This is a follow up post to this article I wrote on Lean/JIT recruiting, which I circulated as a dicussion topic through a few of the larger staffing and recruiting groups on LinkedIn. I recieved some interesting responses, some of which led me to believe that perhaps I was not clear enough with my explanation of Lean/Just-In-Time talent identification and acquisition.
A few folks mentioned that an accurate workforce plan/forecast with enough lead time would be required to possibly achieve Lean recruiting, and others commented that Lean recruiting would only work for high volume hiring or for frequently recruited positions.
Real-world experience running Lean/JIT recruiting teams has shown me that neither of the above is correct. With properly trained and capable recruiters and access to a large internal database and perhaps a few online resume databases that support full Boolean queries, Lean/JIT recruiting can be achieved with NO lead times or hiring forecast, and is equally effective with hiring profiles that are regularly or irregularly recruited for. In fact, Lean/JIT recruiting can be acheived for positions that have NEVER been hired for.
To some people, this may seem outlandish or impossible, but I assure you it is neither.
I would never argue that developing a hiring forecast is a bad idea. That is, assuming of course that it is accurate and nothing unexpected ever happens. Lean thinking (as well as reality) tells us that forecasts are merely guesses – no matter how educated, and cannot accurately predict the future. If a recruiting or staffing organization relied heavily on a workforce plan – what happens to them when things change and there is an unexpected deviation from the plan? Typically – scrambling, finger pointing, excuses, and general chaos. :-)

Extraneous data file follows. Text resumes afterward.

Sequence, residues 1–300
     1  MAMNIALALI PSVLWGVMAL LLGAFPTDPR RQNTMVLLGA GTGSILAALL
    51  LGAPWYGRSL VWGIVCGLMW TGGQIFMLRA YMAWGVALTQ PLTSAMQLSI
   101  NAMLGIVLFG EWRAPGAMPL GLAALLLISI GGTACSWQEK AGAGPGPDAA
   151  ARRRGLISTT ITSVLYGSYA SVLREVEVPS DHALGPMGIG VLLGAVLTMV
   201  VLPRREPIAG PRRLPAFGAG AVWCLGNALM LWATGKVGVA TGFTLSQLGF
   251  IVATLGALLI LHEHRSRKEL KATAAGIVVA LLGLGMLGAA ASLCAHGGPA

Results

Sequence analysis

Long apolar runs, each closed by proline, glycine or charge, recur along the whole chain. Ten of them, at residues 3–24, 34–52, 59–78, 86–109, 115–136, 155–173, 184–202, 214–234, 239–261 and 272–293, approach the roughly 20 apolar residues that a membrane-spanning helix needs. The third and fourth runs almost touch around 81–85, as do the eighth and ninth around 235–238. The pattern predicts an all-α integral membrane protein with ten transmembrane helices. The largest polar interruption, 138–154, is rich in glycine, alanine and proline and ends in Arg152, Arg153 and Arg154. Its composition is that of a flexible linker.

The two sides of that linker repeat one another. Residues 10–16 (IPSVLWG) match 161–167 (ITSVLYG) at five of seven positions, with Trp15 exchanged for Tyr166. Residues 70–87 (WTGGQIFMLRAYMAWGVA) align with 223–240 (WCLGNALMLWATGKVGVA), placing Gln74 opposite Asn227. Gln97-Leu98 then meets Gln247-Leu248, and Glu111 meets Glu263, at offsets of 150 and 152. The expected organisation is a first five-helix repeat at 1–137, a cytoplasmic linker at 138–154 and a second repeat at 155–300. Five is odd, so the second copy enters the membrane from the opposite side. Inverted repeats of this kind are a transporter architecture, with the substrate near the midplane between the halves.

If a recruiting organization is fully set up and empowered to achieve Lean/JIT recruiting – having a hiring forecast is a good place to start. However, if there are unexpected deviations from the workforce plan, the recruiting team is infinitely nimble and can turn on a dime and achieve results in 24-48 hours with little to no stress.
The very idea of building a talent pipeline goes against the grain of Lean philosophy, which focuses heavily upon reducing “in-proccess inventory.” In recruiting and staffing, “in-process inventory” would be a talent pipeline, or more specifically, candidates that have been identified, contacted, and recruited prior to actual need.
I am aware that to many recruiters and recruiting and staffing organizations, building talent pipelines is absolutely necessary in order to ensure that appropriately qualified talent is available when the actual need arises. It’s necessary because their team/organization is not trained to, nor enabled with the appropriate resources to acheive Lean/JIT recruiting. If you cannot reliably identify and acquire well qualified candidates within 24-48 hours of receiving a request, you really don’t have an option other than building a talent pipeline. In my opinion, talent pipelines are only necessary for those who are unable to achieve Lean/JIT recruiting. Continue reading